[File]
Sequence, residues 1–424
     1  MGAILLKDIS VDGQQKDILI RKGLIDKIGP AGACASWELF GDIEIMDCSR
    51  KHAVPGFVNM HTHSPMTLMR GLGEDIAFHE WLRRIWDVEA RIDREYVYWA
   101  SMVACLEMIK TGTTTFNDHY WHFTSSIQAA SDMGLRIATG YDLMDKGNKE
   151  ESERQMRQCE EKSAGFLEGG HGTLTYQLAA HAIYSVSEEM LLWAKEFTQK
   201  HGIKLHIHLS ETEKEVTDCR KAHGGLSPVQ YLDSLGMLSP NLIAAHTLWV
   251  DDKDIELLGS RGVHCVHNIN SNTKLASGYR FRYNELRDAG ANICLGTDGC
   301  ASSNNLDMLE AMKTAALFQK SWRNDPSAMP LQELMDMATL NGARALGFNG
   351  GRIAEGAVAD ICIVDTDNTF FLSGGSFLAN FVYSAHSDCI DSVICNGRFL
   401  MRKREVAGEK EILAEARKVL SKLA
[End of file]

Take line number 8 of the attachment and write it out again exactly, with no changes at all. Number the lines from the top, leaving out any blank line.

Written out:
   301  ASSNNLDMLE AMKTAALFQK SWRNDPSAMP LQELMDMATL NGARALGFNG